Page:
And from Mecheln church-steeple we heard the half-chime,
So Joris broke silence with, “Yet there is time !”

At Aerschot, up leaped of a sudden the sun,
And against him the cattle stood black every one,
To stare through the mist at us galloping past,
And I saw my stout galloper Roland, at last,
With resolute shoulders, each butting away
The haze, as some bluff river headland its spray.

And his low head and crest, just one sharp ear bent back
For my voice, and the other pricked out on his track;
And one eye's black intelligence, — ever that glance
O'er its white edge at me, his own master, askance!

And the thick heavy spume-flakes which aye and anon
"His fierce lips shook upwards in galloping on.

By Hasselt, Dirck groaned; and cried Joris, “Stay spur !
Your Roos galloped bravely, the fault's not in her,
We'll remember at Aix” “ — for one heard the quick wheeze
Of her chest, saw the stretched neck and staggering knees,
And sunk tail, and horrible heave of the flank,
As down on her haunches she shuddered and sank.

So we were left galloping, Joris and I,
Past Looz and past Tongrés, no cloud in the sky;
The broad sun above laughed a pitiless laugh,
'Neath our feet broke the brittle bright stubble like chaff;
Till over by Dalhem a dome-spire sprang white,
And “Gallop,” gasped Joris, “for Aix is in sight!”

“How they'll greet us!”— and all in a moment his roam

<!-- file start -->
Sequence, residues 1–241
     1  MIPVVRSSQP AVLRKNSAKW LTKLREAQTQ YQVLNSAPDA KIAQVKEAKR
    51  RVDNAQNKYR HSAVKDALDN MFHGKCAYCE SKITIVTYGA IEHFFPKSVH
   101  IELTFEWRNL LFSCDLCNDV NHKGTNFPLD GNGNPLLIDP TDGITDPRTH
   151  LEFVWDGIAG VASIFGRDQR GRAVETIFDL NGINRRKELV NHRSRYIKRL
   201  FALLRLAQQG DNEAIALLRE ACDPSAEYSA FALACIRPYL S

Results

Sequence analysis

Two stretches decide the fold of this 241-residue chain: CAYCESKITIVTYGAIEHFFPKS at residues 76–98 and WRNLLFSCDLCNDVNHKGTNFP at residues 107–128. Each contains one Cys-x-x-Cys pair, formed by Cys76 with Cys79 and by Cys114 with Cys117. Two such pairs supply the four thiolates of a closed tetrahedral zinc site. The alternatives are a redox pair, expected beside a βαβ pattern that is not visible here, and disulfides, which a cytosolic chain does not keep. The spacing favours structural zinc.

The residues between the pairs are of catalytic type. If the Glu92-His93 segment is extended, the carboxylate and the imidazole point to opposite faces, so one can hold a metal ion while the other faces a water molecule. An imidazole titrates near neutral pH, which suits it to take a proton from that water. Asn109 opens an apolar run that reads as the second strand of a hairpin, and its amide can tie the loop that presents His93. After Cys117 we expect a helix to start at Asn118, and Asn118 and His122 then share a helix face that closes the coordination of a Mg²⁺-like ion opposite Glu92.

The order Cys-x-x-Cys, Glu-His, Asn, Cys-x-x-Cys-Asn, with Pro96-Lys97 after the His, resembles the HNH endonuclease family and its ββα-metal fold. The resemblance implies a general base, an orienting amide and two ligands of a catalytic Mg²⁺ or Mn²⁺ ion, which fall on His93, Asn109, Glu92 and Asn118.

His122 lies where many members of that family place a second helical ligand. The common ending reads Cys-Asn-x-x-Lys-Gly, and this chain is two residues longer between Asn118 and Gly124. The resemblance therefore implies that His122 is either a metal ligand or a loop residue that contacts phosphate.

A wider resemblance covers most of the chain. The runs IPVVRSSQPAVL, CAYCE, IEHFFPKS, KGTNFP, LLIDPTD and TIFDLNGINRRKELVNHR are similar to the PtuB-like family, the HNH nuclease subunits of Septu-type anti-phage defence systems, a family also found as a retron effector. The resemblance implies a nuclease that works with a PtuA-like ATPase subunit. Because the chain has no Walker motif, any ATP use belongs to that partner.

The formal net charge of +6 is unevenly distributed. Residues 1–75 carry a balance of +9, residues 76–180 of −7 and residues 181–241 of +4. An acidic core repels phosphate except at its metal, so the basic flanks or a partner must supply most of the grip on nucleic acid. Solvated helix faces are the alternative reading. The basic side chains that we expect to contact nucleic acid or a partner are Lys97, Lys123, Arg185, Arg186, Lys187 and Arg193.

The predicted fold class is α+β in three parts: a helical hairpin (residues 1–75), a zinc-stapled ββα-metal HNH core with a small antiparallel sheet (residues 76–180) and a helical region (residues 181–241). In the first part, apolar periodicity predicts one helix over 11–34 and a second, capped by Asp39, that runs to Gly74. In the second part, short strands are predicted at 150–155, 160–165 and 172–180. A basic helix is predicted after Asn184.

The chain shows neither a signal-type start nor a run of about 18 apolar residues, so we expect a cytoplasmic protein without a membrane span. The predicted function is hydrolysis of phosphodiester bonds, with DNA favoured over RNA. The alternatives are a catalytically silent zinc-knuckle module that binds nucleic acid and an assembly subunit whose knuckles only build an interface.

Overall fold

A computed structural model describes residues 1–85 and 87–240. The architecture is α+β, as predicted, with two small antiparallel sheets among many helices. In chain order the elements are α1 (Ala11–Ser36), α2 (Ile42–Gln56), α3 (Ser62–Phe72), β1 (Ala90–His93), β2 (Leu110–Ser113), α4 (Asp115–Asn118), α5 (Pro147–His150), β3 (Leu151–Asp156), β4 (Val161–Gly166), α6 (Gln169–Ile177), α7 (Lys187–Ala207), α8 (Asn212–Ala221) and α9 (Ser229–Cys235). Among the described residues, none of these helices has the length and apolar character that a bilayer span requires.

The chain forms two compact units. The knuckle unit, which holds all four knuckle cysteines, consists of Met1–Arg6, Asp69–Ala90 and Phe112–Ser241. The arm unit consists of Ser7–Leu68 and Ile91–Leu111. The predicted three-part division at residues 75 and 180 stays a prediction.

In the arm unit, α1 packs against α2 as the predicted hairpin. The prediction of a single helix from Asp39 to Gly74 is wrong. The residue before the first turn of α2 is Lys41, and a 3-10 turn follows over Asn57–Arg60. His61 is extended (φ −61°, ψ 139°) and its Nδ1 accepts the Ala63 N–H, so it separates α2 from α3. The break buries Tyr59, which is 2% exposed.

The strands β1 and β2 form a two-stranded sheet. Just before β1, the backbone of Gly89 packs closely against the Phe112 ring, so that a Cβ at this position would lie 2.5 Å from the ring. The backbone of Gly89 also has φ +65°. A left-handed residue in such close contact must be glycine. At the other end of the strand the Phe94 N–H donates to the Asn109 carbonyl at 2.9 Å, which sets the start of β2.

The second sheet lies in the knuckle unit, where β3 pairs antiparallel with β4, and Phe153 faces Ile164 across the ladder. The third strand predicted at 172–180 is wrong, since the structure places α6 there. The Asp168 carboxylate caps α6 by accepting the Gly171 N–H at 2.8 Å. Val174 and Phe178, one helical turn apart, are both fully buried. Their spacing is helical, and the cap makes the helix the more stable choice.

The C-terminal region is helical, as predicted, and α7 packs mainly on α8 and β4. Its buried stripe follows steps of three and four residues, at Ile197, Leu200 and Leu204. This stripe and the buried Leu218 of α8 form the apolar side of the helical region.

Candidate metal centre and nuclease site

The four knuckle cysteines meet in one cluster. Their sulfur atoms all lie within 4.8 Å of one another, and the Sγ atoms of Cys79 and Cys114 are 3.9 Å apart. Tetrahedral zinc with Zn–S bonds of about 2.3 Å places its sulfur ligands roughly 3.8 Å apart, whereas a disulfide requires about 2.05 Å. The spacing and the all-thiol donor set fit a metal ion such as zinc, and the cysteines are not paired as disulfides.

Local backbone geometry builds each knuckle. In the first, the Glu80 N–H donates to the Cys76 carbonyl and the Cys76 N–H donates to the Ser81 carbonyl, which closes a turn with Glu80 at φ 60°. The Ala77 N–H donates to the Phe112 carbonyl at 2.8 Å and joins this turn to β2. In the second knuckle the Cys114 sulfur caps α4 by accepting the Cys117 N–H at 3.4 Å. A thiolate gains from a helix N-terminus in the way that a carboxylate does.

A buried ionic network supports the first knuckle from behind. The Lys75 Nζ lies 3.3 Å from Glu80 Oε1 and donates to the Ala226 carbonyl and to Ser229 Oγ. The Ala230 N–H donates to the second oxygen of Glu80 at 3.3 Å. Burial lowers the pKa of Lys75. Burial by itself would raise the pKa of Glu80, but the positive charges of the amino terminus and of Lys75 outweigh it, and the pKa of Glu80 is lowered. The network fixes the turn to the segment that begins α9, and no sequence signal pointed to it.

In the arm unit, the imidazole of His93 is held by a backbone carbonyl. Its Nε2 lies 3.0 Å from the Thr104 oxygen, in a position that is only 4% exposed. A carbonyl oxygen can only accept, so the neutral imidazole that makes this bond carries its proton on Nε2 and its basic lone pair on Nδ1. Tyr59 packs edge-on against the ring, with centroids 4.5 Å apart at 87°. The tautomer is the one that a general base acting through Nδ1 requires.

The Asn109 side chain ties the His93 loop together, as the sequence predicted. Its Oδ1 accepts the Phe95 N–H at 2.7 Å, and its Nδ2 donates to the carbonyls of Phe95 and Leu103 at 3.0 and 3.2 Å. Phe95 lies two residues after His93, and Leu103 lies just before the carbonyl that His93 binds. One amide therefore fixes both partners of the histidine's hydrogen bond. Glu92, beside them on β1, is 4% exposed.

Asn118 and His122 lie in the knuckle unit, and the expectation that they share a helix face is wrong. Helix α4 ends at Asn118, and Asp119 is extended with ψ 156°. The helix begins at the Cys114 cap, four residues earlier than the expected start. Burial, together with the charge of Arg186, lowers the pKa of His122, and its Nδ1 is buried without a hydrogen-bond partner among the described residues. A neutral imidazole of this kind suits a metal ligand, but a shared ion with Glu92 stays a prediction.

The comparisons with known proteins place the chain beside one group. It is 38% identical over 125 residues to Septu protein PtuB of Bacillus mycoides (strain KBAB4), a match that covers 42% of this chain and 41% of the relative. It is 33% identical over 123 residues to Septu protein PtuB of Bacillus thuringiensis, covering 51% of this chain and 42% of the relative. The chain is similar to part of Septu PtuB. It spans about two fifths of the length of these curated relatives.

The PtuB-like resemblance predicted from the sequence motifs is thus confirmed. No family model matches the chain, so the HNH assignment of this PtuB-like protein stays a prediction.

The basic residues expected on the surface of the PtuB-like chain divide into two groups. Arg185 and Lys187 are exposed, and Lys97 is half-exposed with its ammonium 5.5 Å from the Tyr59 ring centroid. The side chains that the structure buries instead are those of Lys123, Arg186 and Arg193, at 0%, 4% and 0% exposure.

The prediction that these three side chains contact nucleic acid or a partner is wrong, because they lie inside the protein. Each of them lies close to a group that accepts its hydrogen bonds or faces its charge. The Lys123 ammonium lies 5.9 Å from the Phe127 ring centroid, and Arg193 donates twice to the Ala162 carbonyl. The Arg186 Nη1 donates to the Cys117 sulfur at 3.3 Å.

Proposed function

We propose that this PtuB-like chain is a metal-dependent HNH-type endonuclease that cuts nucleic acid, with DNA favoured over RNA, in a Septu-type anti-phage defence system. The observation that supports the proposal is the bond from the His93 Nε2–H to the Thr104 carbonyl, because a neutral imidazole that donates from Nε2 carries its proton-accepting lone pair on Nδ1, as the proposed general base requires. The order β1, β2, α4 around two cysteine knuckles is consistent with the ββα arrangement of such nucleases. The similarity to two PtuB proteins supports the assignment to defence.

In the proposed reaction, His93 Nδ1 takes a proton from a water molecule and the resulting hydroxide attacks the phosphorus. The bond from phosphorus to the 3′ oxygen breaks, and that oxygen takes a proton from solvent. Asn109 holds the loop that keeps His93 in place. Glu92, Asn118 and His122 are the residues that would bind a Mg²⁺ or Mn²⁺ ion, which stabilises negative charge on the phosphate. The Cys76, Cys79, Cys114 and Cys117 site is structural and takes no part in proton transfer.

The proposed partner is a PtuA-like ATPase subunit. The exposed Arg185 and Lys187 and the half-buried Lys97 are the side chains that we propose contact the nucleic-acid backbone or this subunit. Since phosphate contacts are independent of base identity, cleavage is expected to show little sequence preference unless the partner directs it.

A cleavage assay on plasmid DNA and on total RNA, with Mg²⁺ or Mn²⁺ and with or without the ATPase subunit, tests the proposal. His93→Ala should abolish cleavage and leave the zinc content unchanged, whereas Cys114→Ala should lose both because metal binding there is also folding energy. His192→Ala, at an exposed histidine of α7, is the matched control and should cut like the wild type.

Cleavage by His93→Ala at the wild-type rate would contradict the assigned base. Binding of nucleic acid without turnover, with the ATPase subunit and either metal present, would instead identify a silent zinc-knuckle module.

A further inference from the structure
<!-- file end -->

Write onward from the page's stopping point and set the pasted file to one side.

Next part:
Rolled neck and croup over, lay dead as a stone;
And there was my Roland to bear the whole weight
Of the news which alone could save Aix from her fate,
With his nostrils like pits full of blood to the brim,
And with circles of red for his eye-sockets' rim.

Then I cast loose my buffcoat, each holster let fall,
Shook off both my jack-boots, let go belt and all,
Stood up in the stirrup, leaned, patted his ear,
Called my Roland his pet-name, my horse without peer;
Clapped my hands, laughed and sang, any noise, bad or good,
Till at length into Aix Roland galloped and stood.

And all I remember is, friends flocking round
As I sate with his head 'twixt my knees on the ground,
And no voice but was praising this Roland of mine,
As I poured down his throat our last measure of wine,
Which (the burgesses voted by common consent)
Was no more than his due who brought good news from Ghent.

—o-
19. THE SOLDIER FROM BINGEN. — Mrs. Norton.

A soldier of the Legion lay dying in Algiers,
There was lack of woman's nursing, there was dearth of woman's tears;
But a comrade stood beside him, while the life-blood ebbed away,
And bent with pitying glance to hear each word he had to say.
The dying soldier faltered, as he took that comrade's hand,
And he said: “I never more shall see my own — my native land :